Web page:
[cabfpub] Domain Validation Revision

Doug Beattie douglas.beattie at globalsign.com
Fri Feb 13 18:45:52 UTC 2015

> -----Original Message-----
> From: public-bounces at cabforum.org [mailto:public-
> bounces at cabforum.org] On Behalf Of Ryan Sleevi
> Sent: Thursday, February 12, 2015 10:09 PM
> To: Jeremy Rowley
> Cc: CABFPub (public at cabforum.org)
> Subject: Re: [cabfpub] Domain Validation Revision
> 8 concerns me for a couple reasons, even though it's moving in the right
> direction.
> - You require HTTPS, but that seems overkill, when you only need to perform
> a TLS handshake. That is, consider a mail server configured for SMTP-S - it
> seems that would be a viable configuration

Sure, we can change this to be just TLS handshake.

> - It would seem that anyone that can get a port forwarded on a particular
> address can now get a certificate on that address. For things like STUN-TCP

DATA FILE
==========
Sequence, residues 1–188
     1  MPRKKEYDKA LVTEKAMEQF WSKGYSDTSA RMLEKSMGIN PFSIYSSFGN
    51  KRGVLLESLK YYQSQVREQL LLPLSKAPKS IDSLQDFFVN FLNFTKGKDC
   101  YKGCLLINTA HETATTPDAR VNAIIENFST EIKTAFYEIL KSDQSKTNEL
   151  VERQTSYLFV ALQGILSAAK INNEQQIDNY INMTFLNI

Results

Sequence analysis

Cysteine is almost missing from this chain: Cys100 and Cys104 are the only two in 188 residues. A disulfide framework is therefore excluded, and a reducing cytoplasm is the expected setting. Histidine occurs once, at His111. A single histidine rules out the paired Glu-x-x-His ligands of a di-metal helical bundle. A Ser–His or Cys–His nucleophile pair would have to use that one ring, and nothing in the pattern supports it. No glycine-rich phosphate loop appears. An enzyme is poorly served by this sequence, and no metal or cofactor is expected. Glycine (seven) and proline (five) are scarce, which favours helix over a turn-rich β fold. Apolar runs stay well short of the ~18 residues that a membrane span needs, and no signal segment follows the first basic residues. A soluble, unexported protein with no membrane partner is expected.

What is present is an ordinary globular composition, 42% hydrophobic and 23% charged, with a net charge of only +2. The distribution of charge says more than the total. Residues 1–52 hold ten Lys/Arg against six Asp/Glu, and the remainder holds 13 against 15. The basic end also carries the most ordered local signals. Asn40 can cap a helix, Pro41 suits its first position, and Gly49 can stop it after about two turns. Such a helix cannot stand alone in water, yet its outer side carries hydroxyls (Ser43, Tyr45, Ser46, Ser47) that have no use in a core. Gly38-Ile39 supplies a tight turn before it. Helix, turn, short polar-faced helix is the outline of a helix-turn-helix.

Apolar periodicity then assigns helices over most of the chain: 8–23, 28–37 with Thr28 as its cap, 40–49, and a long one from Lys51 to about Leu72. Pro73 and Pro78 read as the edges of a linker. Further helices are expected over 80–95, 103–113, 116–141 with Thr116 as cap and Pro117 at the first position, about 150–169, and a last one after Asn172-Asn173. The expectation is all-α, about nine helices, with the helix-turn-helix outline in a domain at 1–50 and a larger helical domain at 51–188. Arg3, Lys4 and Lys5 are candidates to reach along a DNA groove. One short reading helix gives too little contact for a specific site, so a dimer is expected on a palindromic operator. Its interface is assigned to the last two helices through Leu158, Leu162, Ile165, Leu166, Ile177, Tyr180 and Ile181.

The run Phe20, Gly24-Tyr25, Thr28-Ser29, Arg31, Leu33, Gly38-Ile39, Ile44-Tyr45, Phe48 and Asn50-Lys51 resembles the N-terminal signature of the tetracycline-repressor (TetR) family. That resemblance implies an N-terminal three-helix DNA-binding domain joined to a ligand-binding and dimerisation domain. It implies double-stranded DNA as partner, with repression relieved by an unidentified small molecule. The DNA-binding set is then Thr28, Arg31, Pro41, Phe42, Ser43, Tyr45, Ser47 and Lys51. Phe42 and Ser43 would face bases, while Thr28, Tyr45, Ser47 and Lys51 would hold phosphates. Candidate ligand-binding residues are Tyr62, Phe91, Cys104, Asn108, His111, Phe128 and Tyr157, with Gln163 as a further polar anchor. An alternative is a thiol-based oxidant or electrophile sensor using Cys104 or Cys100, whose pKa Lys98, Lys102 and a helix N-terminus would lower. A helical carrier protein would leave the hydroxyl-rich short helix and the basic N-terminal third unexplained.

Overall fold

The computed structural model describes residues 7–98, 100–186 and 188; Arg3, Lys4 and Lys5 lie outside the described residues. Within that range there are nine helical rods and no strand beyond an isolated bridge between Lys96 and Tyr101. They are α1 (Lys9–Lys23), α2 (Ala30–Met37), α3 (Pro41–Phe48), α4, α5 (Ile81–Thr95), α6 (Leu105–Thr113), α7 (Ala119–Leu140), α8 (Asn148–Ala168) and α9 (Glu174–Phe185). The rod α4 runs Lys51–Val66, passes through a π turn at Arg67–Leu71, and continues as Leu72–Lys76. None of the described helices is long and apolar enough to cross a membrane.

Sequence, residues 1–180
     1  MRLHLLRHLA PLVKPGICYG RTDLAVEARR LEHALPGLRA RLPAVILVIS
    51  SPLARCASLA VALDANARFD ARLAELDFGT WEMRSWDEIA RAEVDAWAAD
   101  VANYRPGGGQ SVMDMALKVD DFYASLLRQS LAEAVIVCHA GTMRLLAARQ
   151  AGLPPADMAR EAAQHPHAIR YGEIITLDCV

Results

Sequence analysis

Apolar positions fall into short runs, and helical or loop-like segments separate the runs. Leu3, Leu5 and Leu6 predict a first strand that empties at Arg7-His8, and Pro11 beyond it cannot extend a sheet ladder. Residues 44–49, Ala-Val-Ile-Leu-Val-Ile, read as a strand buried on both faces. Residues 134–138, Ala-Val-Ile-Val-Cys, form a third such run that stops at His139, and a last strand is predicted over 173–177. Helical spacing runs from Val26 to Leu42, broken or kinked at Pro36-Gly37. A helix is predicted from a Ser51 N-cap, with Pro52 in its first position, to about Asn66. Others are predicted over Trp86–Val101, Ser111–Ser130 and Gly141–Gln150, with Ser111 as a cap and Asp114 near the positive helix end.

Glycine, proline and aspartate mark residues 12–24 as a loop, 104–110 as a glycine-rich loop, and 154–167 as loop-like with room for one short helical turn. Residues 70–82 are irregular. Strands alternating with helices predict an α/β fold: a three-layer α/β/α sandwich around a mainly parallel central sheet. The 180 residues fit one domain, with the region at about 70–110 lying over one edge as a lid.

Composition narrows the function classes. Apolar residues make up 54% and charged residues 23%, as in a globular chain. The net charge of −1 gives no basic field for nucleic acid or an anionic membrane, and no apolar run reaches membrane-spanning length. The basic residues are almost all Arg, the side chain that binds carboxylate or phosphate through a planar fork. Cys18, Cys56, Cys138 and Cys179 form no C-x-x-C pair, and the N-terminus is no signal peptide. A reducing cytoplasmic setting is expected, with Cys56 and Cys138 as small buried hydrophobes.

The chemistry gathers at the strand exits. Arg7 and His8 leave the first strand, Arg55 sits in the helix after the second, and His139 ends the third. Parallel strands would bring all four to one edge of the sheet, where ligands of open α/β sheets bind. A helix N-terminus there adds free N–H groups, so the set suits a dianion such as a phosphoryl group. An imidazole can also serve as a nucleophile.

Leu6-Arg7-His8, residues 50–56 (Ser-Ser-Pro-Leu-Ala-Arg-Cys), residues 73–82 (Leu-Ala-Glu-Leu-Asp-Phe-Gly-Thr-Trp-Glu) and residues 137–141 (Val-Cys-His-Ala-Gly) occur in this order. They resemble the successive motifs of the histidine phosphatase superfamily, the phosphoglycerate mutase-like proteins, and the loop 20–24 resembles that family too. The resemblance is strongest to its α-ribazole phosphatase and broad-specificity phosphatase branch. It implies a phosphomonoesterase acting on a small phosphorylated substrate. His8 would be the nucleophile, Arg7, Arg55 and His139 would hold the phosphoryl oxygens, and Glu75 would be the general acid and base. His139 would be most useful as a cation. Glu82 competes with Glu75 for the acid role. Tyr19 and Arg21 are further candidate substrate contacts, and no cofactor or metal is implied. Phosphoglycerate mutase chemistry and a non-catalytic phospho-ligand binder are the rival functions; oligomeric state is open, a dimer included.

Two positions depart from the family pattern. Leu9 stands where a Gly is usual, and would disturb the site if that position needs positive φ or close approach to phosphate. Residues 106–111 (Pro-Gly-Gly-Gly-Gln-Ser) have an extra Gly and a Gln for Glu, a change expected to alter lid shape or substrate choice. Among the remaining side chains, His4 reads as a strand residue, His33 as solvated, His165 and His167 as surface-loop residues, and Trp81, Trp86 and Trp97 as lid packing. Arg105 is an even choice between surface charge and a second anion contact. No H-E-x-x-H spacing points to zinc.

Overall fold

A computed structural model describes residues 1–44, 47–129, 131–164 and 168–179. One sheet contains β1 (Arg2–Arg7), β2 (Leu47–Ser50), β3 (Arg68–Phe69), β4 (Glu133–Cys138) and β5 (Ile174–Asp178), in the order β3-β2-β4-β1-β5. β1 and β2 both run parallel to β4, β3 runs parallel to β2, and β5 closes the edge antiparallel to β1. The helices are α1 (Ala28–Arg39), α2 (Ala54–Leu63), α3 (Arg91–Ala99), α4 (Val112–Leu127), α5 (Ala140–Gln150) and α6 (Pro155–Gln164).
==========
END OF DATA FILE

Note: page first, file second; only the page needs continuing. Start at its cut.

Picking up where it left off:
> services, this seems quite bad!

We might want to align this with the final approach regarding making a change on the web server at a well-known URI and/or list a small number of approved ports.  We'll need to circle back on this later when the other updates are closer to consensus. 

> - The definition of "test certificate" is, from experience, a bit of a handwave
> that varies from CA to CA. It would be nice to put some explicit technical
> profile in place here (e.g. a critical poison extension, a requirement that EKUs
> are present but not serverAuth/clientAuth, issued from a CA independent of
> the issuing CA's 'trusted' hierarchy) that would prevent relying parties from
> believing the test certificate is "real"

Sure, we can define what we mean by a "test" certificate to cover these.

Proposed new wording for item 8):

Having the Applicant demonstrate practical control over the FQDN by the Applicant requesting and then installing a Test TLS Certificate issued by the CA on the FQDN which is accessed via a TLS handshake by the CA

New Definition in section 4:
Test TLS Certificate: A certificate which contains a poison extension, does not have serverAuth/clientAuth, is issued under a root not in browser public key stores, or similar such methods which would render a cert unusable for TLS server use.

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